DARBY — Darby quarterback Nelson Smith demonstrated all of his best qualities as a football player in one play Friday in his team's 70-16 win against Troy.

And it came on an incomplete pass.

The senior signal caller had just delivered a deep ball to his younger brother, Preston Smith. It was the type of pass Nelson calls a "dime" — a tight-spiral that drops in over a defender — and it's a pass Nelson has nearly perfected this season.

The football, though, bounced off of Preston's left fingertips and fell to the grass at Darby's home field. The completion likely would have meant a Smith-to-Smith score. Instead it turned into a slight on an otherwise star-worthy six-total-touchdown performance for Nelson in just two and a half quarters of work.

The sophomore receiver, who had a step on his defender, was understandably frustrated. 

But 25 yards back at the line of scrimmage Nelson was already hollering at his younger brother to keep his head up and forget about the missed connection. Preston would later run for a touchdown in the third quarter.

"He’s just a great leader," said senior offensive lineman Conner Polson, who scored his first high school touchdown Friday after receiving a handoff from Nelson. "He takes control of a situation but he isn’t a jerk about it."

In fact, Nelson is downright nice. His words of encouragement aren't reserved to just his kin. The captain will hand out his extra pride stickers — small tokens players can put on their helmet as an award for a positive on-field play — to other teammates.

He's also the first to offer a helping hand out of a dog pile, and it doesn't matter what jersey someone's wearing. Nelson, who was an all-state linebacker last year for the Tigers and is also a standout rugby player in the Bitterroot, had a pair of sacks Friday against Troy and a handful of big-hit tackles. 

Each time, he popped up first from the turf and lifted up his foe.

"I just figured since I’m a captain I’ve gotta lead my team and the best way for me is to lead by example. I try to show the best sportsmanship I can when I’m out there," Nelson said.

Nelson has displayed both his leadership ability and skill set through Darby's five games this season. Statistically, he looks like an all-state quarterback at the Class C 8-man level.

Using the eye test, Nelson looks like a next-level football prospect.


Nelson's 10-for-16, four-passing-touchdown performance Friday against Troy doesn't tell the full story of the type of passes the 6-foot, 180-pound senior was completing. Outside of one screen that senior wide receiver Jordan Anderson took 40 yards for a touchdown, all of Nelson's throws attacked down the field. 

The statistics back the anecdote.

Nelson has 17 touchdowns to just three interceptions and he's completed 65 of 101 passes for 947 yards this season. That's a clip of 14.5 yards per completion.

Nelson's YPC numbers would be good chunk in 11-man football and its 100-yard field. In 8-man football, with its 80-yard gridiron, those types of completions are devastating.

For comparison's sake, Hamilton quarterback Carson Rostad, Montana's reigning Gatorade Player of the Year in football, is averaging 12.5 yards per completion in Class A this season according to maxpreps.com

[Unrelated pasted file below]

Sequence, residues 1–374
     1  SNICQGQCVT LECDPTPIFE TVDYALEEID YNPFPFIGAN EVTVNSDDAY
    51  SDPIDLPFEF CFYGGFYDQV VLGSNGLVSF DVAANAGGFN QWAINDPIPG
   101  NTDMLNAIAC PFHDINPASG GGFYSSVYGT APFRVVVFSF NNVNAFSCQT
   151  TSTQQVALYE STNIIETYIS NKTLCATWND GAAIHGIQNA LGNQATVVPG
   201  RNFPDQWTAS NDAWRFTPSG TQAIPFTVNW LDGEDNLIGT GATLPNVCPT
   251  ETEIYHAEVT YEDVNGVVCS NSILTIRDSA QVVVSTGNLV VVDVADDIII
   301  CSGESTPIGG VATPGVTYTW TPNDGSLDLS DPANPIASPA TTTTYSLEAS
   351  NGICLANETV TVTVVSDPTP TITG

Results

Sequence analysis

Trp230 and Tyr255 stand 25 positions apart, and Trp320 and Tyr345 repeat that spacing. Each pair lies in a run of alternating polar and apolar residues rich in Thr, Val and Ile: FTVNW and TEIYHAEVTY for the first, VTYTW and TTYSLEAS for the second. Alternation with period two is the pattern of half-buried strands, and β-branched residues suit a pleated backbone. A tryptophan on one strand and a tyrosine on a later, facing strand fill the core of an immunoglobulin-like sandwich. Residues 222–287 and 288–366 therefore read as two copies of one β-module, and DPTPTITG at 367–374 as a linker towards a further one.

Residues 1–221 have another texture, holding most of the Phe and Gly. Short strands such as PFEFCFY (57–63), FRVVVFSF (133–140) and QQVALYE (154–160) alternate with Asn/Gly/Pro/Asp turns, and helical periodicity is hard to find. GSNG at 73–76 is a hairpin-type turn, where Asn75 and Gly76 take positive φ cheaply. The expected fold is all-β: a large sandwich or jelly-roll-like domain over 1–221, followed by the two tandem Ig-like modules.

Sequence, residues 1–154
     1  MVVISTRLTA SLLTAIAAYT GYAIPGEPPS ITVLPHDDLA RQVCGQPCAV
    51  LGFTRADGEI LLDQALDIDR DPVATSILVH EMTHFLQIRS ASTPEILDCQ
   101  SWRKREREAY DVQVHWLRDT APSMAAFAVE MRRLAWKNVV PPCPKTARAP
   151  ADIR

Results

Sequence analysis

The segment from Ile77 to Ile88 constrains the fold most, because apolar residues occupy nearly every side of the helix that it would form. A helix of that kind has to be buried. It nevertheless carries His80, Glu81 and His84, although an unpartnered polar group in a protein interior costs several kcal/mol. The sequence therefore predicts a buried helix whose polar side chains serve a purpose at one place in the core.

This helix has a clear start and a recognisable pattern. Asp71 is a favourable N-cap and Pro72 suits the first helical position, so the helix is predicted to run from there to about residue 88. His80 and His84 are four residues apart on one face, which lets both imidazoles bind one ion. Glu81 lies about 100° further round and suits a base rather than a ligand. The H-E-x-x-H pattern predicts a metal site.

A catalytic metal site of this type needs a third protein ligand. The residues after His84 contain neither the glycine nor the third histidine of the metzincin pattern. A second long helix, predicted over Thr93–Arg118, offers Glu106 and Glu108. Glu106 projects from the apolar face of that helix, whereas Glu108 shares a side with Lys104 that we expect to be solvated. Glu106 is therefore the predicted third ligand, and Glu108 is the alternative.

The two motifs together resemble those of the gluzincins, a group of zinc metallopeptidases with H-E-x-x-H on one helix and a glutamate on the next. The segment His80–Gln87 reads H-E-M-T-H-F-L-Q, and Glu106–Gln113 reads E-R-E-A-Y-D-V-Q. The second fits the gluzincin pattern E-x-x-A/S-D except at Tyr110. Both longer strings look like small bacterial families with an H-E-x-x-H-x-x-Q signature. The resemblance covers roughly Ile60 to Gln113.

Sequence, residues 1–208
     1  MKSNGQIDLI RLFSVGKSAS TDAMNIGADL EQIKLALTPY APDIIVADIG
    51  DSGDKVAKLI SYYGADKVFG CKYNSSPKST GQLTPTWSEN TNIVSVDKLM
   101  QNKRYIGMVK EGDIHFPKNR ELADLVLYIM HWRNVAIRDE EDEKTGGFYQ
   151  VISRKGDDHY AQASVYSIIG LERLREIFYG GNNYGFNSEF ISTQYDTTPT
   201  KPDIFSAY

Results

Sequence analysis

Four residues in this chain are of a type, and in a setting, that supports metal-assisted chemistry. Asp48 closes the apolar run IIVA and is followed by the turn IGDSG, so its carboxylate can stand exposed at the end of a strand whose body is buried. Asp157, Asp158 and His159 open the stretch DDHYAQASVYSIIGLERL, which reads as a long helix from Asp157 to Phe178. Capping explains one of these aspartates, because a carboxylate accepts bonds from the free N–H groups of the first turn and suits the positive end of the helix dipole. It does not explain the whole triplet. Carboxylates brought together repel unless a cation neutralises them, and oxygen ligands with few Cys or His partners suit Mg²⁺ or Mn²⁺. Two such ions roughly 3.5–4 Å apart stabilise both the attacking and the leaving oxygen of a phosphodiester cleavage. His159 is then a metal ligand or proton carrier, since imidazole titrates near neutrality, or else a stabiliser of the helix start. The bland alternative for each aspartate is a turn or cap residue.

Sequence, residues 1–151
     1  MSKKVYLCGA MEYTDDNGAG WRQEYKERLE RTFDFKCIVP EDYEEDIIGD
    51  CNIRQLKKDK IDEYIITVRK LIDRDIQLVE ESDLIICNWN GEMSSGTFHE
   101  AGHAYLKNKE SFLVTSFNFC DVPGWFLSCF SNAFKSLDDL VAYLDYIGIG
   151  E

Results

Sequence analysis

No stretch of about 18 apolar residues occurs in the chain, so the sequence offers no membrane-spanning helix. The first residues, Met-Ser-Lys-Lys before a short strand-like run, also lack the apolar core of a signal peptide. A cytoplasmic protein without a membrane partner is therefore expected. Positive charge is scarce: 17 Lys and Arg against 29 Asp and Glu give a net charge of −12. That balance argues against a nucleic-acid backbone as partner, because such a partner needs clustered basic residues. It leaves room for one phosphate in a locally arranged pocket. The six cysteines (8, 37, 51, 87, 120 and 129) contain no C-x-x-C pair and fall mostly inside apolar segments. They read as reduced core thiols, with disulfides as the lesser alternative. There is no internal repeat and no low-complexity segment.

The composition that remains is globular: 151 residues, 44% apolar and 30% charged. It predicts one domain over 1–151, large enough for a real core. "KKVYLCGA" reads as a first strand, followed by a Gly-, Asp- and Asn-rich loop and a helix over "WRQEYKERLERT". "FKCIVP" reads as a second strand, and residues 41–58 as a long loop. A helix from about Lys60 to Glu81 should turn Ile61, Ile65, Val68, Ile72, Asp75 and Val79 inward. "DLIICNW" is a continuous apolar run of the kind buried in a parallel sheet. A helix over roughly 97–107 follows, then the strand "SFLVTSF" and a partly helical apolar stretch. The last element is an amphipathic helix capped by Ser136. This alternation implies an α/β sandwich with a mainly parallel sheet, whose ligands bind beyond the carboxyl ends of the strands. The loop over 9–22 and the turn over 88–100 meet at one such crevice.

All 10 of Nelson's completions (and even some of his incompletions) on Friday confirmed Snavely's assertion. The most impressive of them might have been a 34-yard touchdown pass to Tanner Davis that split safety coverage and put the Tigers ahead of Troy 34-8 just before halftime. Nelson looked off coverage to a corresponding wheel route (one he hit earlier for a touchdown to Deric Parks) and drilled Davis on a post pattern in the middle of the field.

Davis bounced off the would-be tackler and ran the remaining 10 yards to pay dirt.

"I saw the safety over top, but I thought I could get the ball in there real fast," Smith explained of the throw. "I tried to throw a bullet in there and it connected."

Snavely summed it up simply.

"The pass was perfect. It was gorgeous."

It was a dime — the kind that Darby is going to need its senior captain to keep making through the final three games of the season.


The Tigers (3-2 overall, 3-2 in Western C 8-man) host two-time defending Class C 8-man champion Flint Creek next Friday. The Drummond-Philipsburg co-op sits at 4-2 in conference and is coming off a 56-12 win against Arlee.

But the Titans have shown some mortality this season, falling to unbeaten Clark Fork (6-0 overall) and 5-1 Thompson Falls. Still, it's a tough draw for Darby, particularly on homecoming week. It's notoriously a distraction-filled five school days.

"We have to focus at practice," Smith said. "But if we focus in practice, coaches are going to draw up a great game plan, and if we follow that game plan we’re going to be successful."

A loss isn't necessarily a death knell for Darby, but the Tigers likely need to take two of their next three games to clinch a playoff spot. After Darby's homecoming matchup against Flint Creek, the Tigers travel to face Charlo (2-4). The Vikings forfeited the remainder of their season last year keeping them out of the playoffs and opening the door for Darby's first playoff berth since the 1991-92 season.

The Tigers close with 5-1 St. Ignatius. It's a tough haul to the finish line of the regular season for Darby.

But with Smith behind center, the Tigers like their chances.

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